Godwin Emefiele, the governor of the central bank, said the banking sector should strive on how to improve loans from 4 percent to 10 percent for the agriculture sector in the next four years.

The governor said “It is imperative from an economic as well as a security perspective, that our banking and financial system works to support growth in sectors that have significant growth potential, and can enhance the resilience of the Nigerian economy, in the face of external shocks.

“Over the next 4 years, the banking sector should consider ways under which it could increase its loans to the agriculture sector from 4 percent to 10 percent by 2024.

“With declining foreign exchange earnings from crude oil, banks should consider supporting agro processing companies that are export oriented.

“President Muhammadu Buhari has approved the establishment of a CBN led Infrastructure Company. In partnership with the Africa Finance Corporation and the Nigerian Sovereign Investment Authority.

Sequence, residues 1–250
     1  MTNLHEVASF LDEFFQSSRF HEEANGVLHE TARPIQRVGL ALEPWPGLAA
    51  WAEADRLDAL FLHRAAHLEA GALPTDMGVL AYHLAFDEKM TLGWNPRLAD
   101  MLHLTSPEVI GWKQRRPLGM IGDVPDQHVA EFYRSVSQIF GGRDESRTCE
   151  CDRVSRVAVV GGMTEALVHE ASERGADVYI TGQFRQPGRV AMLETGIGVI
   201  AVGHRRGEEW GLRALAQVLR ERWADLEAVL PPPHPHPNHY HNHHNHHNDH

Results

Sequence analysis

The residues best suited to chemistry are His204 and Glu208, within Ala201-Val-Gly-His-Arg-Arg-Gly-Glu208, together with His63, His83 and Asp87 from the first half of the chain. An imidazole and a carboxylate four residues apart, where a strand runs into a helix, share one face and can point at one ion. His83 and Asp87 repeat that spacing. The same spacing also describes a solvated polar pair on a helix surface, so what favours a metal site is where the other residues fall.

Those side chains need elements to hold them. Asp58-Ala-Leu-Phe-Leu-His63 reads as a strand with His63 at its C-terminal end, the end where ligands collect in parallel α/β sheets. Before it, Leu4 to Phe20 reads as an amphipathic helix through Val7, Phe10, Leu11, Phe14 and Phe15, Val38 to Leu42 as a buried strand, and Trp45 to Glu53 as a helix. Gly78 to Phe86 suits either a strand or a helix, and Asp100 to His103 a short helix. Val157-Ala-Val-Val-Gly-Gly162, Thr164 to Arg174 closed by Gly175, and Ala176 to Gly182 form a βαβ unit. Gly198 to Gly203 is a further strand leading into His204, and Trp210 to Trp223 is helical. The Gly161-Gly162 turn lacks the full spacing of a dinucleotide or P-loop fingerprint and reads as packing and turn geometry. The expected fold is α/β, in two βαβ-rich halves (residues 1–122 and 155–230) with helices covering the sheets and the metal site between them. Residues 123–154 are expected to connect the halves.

“Infra-Corp would enable the use of private and public capital to support infrastructure investments that will have a multiplier effect on growth across critical sectors.

“The Central Bank is seeking to leverage ICT in order to improve access to finance for Nigerians. Improved access to finance through deployment of an inclusive and interoperable payment system would help to reduce the cost of payment services for individuals.

“It is important that we leverage ICT as an enabler for growth in key sectors of the economy. ICT start-ups are emerging to support SMEs, farmers, and in providing quality learning to students affected by the shutdown in schools.”

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United States and PepsiCo Egypt/Chipsy for Food Industries Renew Partnership in Egypt to Improve Farmer Livelihoods

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The U.S. government, through the U.S. Agency for International Development (USAID) and Chipsy for Food Industries, a PepsiCo Egypt company, renewed a partnership that boosts the productivity of farmers and builds a more transparent and sustainable potato supply chain.

U.S. Ambassador Jonathan Cohen, PepsiCo Egypt CEO Mohamed Shelbaya, USAID Mission Director Leslie Reed, and PepsiCo Regional Manager for Sustainable Agriculture Reuben Blackie participated.